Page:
SUMMARY OF THE INVENTION

This invention is based on the task of providing a method of the above described type for use also in wet boreholes, while at the same time obtaining well controlled, and in particular short, gelatination and hardening times.

By this invention, these requirements are complied with in that prepolymers made from polyisocyanates and one or several polyols of the molecular weight range 80-5000, preferably 1600-3000, are used instead of the polyisocyanate component.

Earlier in DE-OS 24 48 958, the risks caused by water to the sealing of geologic formations were explained, and prepolymers from toluylenediisocyanate or blends made up of diphenylmethanediisocyanate with its isomers and higher nuclear components, i.e. raw MDI, are recommended as isocyanate component on the one hand, and, on the other hand, hydroxyl components of the molecular weight range from 400 to 600. For overcoming the negative influence of water, certain accelerators and foam stabilizers are proposed to be added to the system. This method implies the reactive resin being injected directly into the geologic formations and this means that the task to bond anchoring bolts in boreholes is not accomplished. Prepolymers from toluylenediisocyanate are out of question in practice anyhow, for reasons of toxicity. Recommendations of hydroxyl components for its make-up cannot be read from said DE-OS.

A considerable advantage of the method covered by the present invention consists in the water serving totally or partially as hydroxyl component, so that excellent bonding of anchoring bolts is obtained also in moist boreholes. In comparison, polyester resin and hardener filled twin-chamber cartridges fail, even though these cartridges, in dry boreholes, achieved up to present the highest anchoring strength.

For technical reasons and for the sake of hygiene, however, wet drilling--with simultaneous water injection into the end of the borehole--has been preferred to dry drilling for some time, so that the use of polyester resin filled cartridges is hardly possible anymore, above all since these cartridges contain styrene in larger quantities, which means hazards to human health.

By the use of water or aqueous solutions as hydroxyl component, another advantage is achieved in that the resin in the course of polyurethane formation foams up to some extent, but not too strongly because of the prepolymer used as isocyanate component. By the volume increase thus achieved, a better closing shape of the resin mass against the borehole walls is obtained, and this is particularly important in case of lacking dimensional accuracy of boreholes and in case of fractured strata.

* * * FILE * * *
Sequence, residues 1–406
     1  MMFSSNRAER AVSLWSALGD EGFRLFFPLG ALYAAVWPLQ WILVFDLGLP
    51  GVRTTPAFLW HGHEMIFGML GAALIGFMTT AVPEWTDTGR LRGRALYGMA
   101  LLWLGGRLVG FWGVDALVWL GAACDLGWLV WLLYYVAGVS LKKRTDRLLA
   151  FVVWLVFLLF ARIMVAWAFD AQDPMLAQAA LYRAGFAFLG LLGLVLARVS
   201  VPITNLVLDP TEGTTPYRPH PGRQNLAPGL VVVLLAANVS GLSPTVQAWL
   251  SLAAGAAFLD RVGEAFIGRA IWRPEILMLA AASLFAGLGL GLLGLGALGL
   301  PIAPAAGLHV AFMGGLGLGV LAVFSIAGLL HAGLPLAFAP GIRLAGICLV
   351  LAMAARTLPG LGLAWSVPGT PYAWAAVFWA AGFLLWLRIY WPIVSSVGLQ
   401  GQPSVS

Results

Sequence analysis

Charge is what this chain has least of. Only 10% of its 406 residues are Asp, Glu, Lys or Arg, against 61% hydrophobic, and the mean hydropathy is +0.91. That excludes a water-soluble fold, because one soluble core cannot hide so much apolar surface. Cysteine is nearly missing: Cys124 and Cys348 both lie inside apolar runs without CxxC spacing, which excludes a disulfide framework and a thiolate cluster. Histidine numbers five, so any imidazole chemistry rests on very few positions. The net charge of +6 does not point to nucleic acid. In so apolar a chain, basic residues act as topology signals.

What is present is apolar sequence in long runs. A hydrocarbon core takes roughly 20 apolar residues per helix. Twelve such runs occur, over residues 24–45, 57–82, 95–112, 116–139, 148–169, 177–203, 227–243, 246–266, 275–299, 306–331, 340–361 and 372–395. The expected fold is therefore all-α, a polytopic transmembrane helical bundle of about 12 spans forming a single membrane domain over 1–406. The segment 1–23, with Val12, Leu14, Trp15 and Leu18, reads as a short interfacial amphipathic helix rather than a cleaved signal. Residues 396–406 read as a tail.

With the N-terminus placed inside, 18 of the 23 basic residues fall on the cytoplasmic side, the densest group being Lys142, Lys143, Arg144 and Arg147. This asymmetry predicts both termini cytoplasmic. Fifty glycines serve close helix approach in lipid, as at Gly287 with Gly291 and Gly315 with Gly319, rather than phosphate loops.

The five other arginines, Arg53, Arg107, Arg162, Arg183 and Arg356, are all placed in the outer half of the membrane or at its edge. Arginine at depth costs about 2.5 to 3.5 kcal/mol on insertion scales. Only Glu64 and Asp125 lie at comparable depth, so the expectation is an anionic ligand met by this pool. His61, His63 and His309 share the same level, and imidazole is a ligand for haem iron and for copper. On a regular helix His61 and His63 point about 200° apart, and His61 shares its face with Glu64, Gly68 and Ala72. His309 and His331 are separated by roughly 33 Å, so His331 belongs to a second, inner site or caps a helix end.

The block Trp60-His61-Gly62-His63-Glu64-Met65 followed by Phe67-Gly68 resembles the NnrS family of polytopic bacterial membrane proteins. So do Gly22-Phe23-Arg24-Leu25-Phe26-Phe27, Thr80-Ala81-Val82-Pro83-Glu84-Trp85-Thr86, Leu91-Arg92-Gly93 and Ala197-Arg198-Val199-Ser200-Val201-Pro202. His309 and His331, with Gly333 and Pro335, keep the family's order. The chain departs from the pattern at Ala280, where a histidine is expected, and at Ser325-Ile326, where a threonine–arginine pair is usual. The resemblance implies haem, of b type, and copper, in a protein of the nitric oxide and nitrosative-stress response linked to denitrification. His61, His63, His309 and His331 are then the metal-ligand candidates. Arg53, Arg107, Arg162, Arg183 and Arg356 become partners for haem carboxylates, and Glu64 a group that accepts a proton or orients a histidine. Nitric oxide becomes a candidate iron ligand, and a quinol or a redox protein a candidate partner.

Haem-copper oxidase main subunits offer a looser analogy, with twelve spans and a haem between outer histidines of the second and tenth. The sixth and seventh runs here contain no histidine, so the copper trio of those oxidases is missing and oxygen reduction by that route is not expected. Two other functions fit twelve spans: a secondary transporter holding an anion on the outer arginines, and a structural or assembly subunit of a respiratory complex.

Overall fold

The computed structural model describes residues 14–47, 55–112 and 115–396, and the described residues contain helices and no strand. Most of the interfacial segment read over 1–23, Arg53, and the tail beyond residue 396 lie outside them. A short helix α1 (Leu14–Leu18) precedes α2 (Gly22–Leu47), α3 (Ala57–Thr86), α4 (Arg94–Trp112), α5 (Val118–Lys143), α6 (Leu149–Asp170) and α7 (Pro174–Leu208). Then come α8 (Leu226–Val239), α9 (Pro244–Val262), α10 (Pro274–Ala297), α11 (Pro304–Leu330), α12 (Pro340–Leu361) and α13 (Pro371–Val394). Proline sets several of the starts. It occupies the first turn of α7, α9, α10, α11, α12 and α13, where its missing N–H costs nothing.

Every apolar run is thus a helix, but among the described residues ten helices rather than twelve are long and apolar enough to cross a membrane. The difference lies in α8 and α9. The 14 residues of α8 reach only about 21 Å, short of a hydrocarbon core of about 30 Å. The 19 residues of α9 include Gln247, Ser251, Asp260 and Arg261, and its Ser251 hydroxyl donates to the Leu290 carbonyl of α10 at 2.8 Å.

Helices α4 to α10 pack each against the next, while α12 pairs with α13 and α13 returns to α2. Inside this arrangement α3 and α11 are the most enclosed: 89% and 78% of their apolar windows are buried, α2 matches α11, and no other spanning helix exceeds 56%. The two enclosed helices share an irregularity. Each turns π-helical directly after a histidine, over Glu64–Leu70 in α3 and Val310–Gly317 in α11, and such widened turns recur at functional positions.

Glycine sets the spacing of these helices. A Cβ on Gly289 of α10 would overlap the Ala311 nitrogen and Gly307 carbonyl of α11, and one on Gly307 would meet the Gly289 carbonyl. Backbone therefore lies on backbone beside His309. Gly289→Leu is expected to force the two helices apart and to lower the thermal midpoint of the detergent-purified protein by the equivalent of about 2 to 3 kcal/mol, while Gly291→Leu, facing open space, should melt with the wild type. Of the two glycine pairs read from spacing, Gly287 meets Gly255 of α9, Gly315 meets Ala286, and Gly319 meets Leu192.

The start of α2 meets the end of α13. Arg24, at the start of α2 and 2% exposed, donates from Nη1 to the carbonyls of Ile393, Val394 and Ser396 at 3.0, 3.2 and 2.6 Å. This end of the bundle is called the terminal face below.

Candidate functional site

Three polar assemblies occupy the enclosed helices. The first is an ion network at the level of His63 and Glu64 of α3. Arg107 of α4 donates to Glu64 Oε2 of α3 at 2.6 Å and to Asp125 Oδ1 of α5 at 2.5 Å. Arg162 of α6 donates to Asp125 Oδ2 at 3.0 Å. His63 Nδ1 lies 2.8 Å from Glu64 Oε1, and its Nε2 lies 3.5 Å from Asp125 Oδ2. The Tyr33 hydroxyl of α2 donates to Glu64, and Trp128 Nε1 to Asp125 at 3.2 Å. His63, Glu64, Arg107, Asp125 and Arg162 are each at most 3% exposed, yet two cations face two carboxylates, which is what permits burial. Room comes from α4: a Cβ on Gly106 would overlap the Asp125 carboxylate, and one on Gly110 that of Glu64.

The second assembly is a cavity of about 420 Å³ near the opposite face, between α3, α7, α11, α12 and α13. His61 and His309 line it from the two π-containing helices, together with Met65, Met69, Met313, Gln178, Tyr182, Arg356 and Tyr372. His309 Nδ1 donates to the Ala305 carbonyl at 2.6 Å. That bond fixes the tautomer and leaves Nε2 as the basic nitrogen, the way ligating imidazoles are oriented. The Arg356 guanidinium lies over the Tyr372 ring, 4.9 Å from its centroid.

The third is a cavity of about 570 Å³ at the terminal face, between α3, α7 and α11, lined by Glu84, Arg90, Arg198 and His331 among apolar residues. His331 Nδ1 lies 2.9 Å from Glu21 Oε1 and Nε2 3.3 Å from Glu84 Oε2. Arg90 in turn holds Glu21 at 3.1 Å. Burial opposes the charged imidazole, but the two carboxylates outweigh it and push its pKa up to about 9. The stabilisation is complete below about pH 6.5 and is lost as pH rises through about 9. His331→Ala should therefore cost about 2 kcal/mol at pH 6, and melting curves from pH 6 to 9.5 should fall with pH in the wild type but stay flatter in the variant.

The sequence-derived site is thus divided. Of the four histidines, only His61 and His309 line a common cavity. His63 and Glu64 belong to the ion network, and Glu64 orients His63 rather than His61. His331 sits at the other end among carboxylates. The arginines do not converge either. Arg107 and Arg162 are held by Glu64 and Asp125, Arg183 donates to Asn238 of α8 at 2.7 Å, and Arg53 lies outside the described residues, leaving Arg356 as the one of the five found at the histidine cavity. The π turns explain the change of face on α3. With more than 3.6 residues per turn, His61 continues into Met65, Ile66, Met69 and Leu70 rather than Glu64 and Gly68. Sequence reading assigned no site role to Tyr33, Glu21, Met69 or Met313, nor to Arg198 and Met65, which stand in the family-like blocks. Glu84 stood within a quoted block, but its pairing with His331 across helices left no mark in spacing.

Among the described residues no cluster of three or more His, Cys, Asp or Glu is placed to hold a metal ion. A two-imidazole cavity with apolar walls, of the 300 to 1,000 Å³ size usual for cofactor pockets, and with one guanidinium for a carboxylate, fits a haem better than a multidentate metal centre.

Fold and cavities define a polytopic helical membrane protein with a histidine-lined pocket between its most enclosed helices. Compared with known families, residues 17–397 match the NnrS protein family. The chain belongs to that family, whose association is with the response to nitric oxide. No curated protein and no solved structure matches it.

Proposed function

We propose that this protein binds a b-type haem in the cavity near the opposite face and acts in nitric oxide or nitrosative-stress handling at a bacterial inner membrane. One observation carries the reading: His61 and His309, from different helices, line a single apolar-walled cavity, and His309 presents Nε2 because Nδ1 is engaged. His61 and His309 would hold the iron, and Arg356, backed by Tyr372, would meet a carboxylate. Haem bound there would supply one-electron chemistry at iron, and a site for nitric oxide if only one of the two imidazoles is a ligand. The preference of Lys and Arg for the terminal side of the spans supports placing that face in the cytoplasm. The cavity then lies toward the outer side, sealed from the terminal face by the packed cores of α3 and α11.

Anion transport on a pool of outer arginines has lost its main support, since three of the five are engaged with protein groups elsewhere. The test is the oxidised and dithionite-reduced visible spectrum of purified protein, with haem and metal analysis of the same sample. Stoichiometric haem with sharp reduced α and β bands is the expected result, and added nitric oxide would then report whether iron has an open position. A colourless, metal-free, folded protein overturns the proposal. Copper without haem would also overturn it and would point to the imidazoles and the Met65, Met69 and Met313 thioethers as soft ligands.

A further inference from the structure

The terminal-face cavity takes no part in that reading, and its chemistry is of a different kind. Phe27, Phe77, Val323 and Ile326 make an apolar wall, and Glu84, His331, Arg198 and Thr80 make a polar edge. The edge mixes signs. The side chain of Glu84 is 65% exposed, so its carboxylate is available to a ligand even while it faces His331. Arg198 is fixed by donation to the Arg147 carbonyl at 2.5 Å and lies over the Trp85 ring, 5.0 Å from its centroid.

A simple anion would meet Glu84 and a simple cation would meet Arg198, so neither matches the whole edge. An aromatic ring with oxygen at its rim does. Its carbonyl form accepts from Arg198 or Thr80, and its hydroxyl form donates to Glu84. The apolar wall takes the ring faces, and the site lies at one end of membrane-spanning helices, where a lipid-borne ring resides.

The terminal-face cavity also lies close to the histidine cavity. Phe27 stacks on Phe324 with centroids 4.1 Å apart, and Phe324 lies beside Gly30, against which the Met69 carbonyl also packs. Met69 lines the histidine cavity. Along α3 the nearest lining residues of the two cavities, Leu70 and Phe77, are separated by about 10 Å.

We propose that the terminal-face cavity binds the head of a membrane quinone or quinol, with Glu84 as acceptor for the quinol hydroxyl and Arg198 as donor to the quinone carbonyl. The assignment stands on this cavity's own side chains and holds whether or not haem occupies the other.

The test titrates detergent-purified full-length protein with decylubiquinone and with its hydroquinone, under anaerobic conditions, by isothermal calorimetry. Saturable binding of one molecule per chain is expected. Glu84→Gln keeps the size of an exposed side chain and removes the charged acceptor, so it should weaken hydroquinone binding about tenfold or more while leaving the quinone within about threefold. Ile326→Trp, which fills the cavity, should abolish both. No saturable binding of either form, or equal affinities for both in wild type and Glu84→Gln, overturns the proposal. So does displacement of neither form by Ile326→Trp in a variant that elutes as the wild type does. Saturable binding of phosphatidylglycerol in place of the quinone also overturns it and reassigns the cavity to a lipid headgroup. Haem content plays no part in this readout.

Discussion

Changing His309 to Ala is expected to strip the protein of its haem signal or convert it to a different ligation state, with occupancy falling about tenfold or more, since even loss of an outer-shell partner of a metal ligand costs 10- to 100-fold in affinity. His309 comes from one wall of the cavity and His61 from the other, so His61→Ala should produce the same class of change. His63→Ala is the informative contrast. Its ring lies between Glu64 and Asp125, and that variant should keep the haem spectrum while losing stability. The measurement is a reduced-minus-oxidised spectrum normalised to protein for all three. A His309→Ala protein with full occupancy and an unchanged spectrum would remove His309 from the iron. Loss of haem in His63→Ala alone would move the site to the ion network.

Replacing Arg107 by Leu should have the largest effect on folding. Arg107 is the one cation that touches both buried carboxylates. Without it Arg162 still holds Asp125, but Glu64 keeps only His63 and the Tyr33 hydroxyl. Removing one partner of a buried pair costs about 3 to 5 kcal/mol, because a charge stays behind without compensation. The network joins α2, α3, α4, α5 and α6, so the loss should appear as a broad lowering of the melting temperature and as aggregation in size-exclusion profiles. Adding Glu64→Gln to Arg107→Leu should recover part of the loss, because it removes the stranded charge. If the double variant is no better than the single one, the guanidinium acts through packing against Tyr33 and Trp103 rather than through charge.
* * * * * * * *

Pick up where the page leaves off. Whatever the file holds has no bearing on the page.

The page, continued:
For use as polyisocyanate component for making up the prepolymer, the raw polyisocyanates--known in polyurethane chemistry and liquid at ambient temperature--as produced by aniline/formaldehyde condensation and subsequent phosgenation, may be considered. Also the modification products of this kind of polyisocyanate blends of the isocyanate family, e.g. any derivatives thereof containing carbodiimide groups, biurete groups, urethane groups, or allophanate groups are suited. Such polyisocyanates have been described e.g. by Ullmann, Verlag Chemie, 4. Auflage, Band 19, pp. 303-305.

The polyisocyanate blends, liquid at ambient temperature and produced by phosgenation of aniline/formaldehyde condensation, which consist essentially of isomeric diisocyanate-diphenyl-methanes, are particularly well suited since these isocyanates exhibit an average functionality between 2.5 and 3.5, preferably 2.2 to 2.8, and since functionality in this range is desirable in view of good networking with the linear polyols.

Polyols used for production of the prepolymers are difunctional polyols with average molecular weights between 800 and 5000, preferably 1600 and 3000, i.e. long-chained difunctional polyols. This corresponds to an OH number between 140 and 22, preferably within the range between 70 and 37. The propylene oxide-, ethylene oxide-, or the blended propylene oxide/ethylene-polyether-polyols, the polymerization of which was primed by water or a low-molecular diol, as e.g. ethylene glycol, propane-1,2-diol, propane-1,3-diol, or butane-1,4-diol, may be considered. The above mentioned polyisocyanates and polyether-polyols undergo prepolymerization by known processes to form polyisocyanate-prepolymers (Vieweg-Hochtlen, Kunststoff-Handbuch, VIII, p. 447 ff). In this process, polyisocyanates in an excess ratio to polyether-polyols are used in order to keep the viscosity of the resulting polyisocyanate-prepolymers within the limits of handleability. The viscosity of the polyisocyanate-prepolymers should be <50,000 m Pa. s, preferably <10,000 m Pa. s. If, therefore, tri-functional and higher functional polyols are added, e.g. in quantities >10% by weight, the viscosity increases to an extent that no really usable results can be obtained with the twin-chamber cartridge system.